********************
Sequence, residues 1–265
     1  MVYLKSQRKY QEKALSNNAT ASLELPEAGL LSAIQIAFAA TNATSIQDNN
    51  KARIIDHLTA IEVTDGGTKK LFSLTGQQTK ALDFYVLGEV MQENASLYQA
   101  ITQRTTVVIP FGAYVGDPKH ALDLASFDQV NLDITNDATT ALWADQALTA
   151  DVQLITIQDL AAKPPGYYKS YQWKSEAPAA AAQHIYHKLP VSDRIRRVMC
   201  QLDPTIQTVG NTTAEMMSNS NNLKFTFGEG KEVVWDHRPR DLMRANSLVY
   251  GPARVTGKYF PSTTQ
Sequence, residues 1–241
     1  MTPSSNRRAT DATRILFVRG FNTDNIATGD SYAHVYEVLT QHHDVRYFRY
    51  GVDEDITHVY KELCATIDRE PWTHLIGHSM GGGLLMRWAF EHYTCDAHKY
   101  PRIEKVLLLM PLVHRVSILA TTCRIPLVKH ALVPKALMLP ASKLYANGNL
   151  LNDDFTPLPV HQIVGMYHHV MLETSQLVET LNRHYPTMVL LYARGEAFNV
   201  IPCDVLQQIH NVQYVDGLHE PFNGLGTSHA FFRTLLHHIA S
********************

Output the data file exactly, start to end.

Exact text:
Sequence, residues 1–265
     1  MVYLKSQRKY QEKALSNNAT ASLELPEAGL LSAIQIAFAA TNATSIQDNN
    51  KARIIDHLTA IEVTDGGTKK LFSLTGQQTK ALDFYVLGEV MQENASLYQA
   101  ITQRTTVVIP FGAYVGDPKH ALDLASFDQV NLDITNDATT ALWADQALTA
   151  DVQLITIQDL AAKPPGYYKS YQWKSEAPAA AAQHIYHKLP VSDRIRRVMC
   201  QLDPTIQTVG NTTAEMMSNS NNLKFTFGEG KEVVWDHRPR DLMRANSLVY
   251  GPARVTGKYF PSTTQ
Sequence, residues 1–241
     1  MTPSSNRRAT DATRILFVRG FNTDNIATGD SYAHVYEVLT QHHDVRYFRY
    51  GVDEDITHVY KELCATIDRE PWTHLIGHSM GGGLLMRWAF EHYTCDAHKY
   101  PRIEKVLLLM PLVHRVSILA TTCRIPLVKH ALVPKALMLP ASKLYANGNL
   151  LNDDFTPLPV HQIVGMYHHV MLETSQLVET LNRHYPTMVL LYARGEAFNV
   201  IPCDVLQQIH NVQYVDGLHE PFNGLGTSHA FFRTLLHHIA S